Magazine article Science News

Cold Hamsters: Wild Species Boosts Immunity for Winter

Magazine article Science News

Cold Hamsters: Wild Species Boosts Immunity for Winter

Article excerpt

Hamsters that have to survive winter outdoors in Siberia rev up their immune systems when days grow short, according to new lab tests. They even pump up their response to psychological stress.

In the same genus as pet-store standards, the wild Phodopus sungorus survives winter temperatures that plunge to --40 [degrees] C, says Staci D. Bilbo of Johns Hopkins University in Baltimore. She and her colleagues have wondered whether a dwindling day length cues the animals to prepare for trouble. Previous work with other animals showed that seasons trigger changes in immune responses.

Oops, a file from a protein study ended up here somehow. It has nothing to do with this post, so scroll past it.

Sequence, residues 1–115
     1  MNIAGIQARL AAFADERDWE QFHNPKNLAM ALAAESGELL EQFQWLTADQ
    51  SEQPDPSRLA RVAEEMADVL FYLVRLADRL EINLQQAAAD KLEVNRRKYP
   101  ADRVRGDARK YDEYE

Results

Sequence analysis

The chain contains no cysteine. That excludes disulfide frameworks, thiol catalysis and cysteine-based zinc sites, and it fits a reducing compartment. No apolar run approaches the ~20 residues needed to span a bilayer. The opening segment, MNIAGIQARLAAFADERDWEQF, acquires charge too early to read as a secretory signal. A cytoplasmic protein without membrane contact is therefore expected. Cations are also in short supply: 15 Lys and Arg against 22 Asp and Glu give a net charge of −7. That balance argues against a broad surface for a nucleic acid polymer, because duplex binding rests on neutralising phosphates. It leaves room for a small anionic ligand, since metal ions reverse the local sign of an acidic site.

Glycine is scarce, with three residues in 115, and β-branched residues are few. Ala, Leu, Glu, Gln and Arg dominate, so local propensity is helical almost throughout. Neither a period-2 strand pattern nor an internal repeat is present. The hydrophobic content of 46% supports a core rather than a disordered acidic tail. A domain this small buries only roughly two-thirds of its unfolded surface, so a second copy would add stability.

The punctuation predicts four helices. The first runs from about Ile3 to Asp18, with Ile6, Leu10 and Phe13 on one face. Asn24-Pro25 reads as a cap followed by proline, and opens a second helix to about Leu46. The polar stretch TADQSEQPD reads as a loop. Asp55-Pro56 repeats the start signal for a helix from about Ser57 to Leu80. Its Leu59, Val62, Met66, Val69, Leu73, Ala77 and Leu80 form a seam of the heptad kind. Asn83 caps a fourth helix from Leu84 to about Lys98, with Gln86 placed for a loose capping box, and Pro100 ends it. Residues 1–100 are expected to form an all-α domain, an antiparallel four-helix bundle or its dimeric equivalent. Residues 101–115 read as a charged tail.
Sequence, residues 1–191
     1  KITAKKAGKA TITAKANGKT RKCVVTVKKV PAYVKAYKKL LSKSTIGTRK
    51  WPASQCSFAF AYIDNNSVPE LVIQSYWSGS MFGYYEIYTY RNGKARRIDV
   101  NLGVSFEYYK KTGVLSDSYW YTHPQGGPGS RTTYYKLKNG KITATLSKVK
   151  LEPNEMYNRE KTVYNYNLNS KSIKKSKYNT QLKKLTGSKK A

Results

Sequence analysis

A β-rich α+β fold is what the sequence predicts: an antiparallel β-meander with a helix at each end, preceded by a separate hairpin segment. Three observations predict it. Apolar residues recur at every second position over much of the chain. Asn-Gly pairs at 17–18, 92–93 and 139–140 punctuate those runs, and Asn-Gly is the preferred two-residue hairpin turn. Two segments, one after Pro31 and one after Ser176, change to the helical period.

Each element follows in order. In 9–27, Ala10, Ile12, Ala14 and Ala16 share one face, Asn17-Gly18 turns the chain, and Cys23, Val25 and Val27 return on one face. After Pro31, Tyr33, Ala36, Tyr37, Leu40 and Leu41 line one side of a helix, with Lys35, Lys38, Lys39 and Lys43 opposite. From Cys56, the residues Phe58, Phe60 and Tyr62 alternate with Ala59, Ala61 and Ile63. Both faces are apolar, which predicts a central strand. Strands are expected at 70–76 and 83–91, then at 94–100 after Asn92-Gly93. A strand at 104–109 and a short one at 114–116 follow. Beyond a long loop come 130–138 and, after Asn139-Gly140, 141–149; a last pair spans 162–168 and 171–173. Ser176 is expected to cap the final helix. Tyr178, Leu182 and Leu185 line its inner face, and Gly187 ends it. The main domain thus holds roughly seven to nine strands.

Bilbo and her colleagues now offer two reports of lab tests with artificial lighting that suggest that, yes, Siberian hamsters prime their immune systems. Animals kept under 10 hours of artificial daylight recovered from fevers faster than hamsters under 14-hour regimens did, the researchers say in the March 7 Proceedings of the Royal Society of London B.

Hamsters living under a 9-hour-daylight regimen also have greater numbers of certain immune cells than hamsters experiencing 15-hour days do, say Bilbo and her team in the March 19 Proceedings of the National Academy of Sciences (PNAS).

Also, the short-day hamsters mobilize a stronger immune-readiness response to psychological stresses. "That's the first time that's been shown" for any animal, says Bilbo.

In winter, Siberian hamsters slump into a few hours of morning torpor with a drop in metabolic rate, but they don't get the benefit of full hibernation. …

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